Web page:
From Padstow, follow the shores of the Camel Estuary, the path winds through coves to descend to Porthcothan Bay. Walking on to bustling Newquay, surfing capital of the U.K you pass Trevelgue Head, the largest Iron Age fort remains in the county, and the old huts used by fishermen of old. From Perranporth tin mine buildings and chimneys dot the landscape. There follows a cliff top path to the harbour at Portreath. After a six mile strenuous climb, you reach a sensational breach in the cliffs called ‘Hell's Mouth.’ Further on, you may see grey seals and the lighthouse at Godrevy Point. A walk through the busy port of Hayle via the dunes links St. Ives, and you should have enough time for sightseeing. St Ives was once the most important fishing port in Cornwall and today just wandering the cobbled lanes is a pleasure. The next day the walk passes the ‘Carracks’ notorious ship wrecking rocks, before going inland to Zennor. The trail returns to the coast threading its way through the coves and the old tin mines around Gurnard’s Head. The path skirts inland beside Cape Cornwall and past St. Just village to the pretty fishing village of Sennan Cove. You can spend time at Land’s End which has natural ambiance with the Atlantic pounding around 'Wolf Rock' and the 'Long Ships.' Strolling on to Porthcurno you pass a famous open air theatre at Minack Point and on to the seemingly sub tropical sheltered valley reaching Lamorna with its old smuggler’s pub, the ‘Lamorna Wink’. Passing Penzer Point you get views to St. Michael’s Mount and you visit the pretty village of Mousehole before entering the busy resorts of Newlyn and Penzance where this coastal walking bonanza concludes.
Moderate, days are not particularly long but with some tough ascents and descents and walking on sand in places.
Make your own way to Padstow. The town is named after St. Petroc who came here circa A.D 500. The church of St Petroc is one of a group of three said to have been founded by the Saint. It is quite large and mostly of 13th and 14th century date. The old harbour usually has a nice ensemble of boats including the old pilot vessels. Nice pub fayre and a Rick Stein restaurant.
Accommodation: Our accommodation dates back to the 14th century and is the oldest inn in town. It has an open fire and parquet flooring. All rooms are ensuite. Alternatively we stay in a 4 star guesthouse just outside of Padstow easily reached by local bus.
Leaving Padstow’s busy little tourist harbour, follow the shores of the picturesque Camel Estuary to Stepper Point, with views perhaps to Bodmin Moor inland and to the ‘Doom Bar’: an off shore sand bar which has wrecked hundreds of ships over the centuries, largely because the surrounding cliffs take the wind out of the boat’s sails as they try to enter the harbour. In fact it became so notorious that many vessels would risk being wrecked on the coast rather than negotiate the entrance to Padstow in poor weather. More coves pass by until you see the limestone and slate Porthmissen Bridge natural arch with colonies of Razorbills and Guillemots. From here continue on to Trevone Bay, a beautiful sandy beach, popular with surfers and onwards to Harlyn, another surfer’s paradise but once famed for fishing pilchards. The coastal path reaches Trevose Head where on clear days you can see both St.Ives and Newquay. There is a lighthouse, which maybe open in the afternoon. The path then turns south and crosses more sandy beaches around Constantine, passing Trethias Island nature reserve, threading its way through coves to descend to Porthcothan Bay.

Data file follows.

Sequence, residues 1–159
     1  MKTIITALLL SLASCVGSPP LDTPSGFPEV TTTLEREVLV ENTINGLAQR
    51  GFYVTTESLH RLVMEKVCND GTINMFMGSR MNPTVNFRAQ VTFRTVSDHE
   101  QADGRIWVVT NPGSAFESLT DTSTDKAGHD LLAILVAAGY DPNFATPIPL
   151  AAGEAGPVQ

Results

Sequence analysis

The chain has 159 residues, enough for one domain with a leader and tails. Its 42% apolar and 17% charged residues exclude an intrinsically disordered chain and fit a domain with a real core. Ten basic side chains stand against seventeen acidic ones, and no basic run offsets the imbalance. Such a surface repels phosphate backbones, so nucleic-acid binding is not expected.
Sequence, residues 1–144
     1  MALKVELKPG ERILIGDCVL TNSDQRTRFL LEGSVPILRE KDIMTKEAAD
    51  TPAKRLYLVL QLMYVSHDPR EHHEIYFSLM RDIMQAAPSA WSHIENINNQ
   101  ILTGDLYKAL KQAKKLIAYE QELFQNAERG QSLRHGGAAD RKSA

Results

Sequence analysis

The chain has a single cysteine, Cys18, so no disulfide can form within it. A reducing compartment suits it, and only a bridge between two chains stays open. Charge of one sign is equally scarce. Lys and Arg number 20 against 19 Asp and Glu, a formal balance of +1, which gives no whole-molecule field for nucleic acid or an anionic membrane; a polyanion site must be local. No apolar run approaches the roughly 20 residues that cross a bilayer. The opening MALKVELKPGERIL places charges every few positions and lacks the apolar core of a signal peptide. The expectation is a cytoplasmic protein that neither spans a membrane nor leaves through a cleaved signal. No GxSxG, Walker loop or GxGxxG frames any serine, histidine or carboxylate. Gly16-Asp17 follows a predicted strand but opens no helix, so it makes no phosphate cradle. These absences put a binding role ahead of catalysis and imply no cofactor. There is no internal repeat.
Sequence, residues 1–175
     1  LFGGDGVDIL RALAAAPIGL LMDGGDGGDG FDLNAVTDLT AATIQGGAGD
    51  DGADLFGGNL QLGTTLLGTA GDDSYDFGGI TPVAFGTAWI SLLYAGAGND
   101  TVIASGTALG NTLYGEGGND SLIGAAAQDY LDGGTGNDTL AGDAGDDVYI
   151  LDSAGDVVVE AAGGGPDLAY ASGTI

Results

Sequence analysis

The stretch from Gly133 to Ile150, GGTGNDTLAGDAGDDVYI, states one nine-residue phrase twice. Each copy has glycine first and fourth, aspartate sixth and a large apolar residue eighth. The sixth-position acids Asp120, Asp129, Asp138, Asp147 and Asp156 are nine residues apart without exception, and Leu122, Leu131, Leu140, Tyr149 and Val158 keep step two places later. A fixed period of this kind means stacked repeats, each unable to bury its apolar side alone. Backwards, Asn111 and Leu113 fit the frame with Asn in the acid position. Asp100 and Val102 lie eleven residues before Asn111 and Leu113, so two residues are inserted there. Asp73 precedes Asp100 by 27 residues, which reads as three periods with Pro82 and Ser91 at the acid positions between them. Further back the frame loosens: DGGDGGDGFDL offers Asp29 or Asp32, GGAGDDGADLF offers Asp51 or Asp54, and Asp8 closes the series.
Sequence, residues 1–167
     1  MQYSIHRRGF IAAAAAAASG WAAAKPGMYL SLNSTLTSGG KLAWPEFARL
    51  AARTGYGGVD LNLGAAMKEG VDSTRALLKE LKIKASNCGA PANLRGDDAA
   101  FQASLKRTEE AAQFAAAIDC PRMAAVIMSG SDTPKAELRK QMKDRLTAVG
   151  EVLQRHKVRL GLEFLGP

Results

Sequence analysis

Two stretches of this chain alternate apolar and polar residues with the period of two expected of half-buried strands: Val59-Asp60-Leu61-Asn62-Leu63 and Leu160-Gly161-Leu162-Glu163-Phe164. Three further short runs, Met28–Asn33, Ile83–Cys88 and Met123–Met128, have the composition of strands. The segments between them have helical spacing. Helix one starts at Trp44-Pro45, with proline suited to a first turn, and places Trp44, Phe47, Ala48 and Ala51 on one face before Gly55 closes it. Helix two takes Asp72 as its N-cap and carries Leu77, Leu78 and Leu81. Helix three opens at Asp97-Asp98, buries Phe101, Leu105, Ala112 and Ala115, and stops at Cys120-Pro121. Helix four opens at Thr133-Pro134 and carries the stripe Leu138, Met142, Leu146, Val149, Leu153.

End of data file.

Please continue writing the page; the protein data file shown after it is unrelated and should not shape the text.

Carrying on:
Accommodation: Our bed & breakfast accommodation in this beautiful part of Cornwall is only a short walk from the stunning Porthcothan Bay and South West Coast Path.
From the bay the path climbs up to Park Head, which provides wonderful views of Bedruthan Steps, a set of rock stacks that have been a popular tourist feature since the railway reached Newquay in 1875. Passing the village of Mawgan Porth the route follows the cliff top above Watergate Bay. Approaching Newquay, the path arrives at Trevelgue Head and the largest Iron Age fort remains in the county. Continuing over Barrowfields, with its three Bronze Age barrows, the path descends to Newquay. This is quite a shock after the day’s peaceful walk. Nevertheless the town overlooks fine golden sands, which cushion the Atlantic rollers which make this Britain’s surfing capital. Before surfing fame, Newquay was another famous fishing port, seining out the millions of pilchards that arrived every July. It was also a silver and lead mining centre.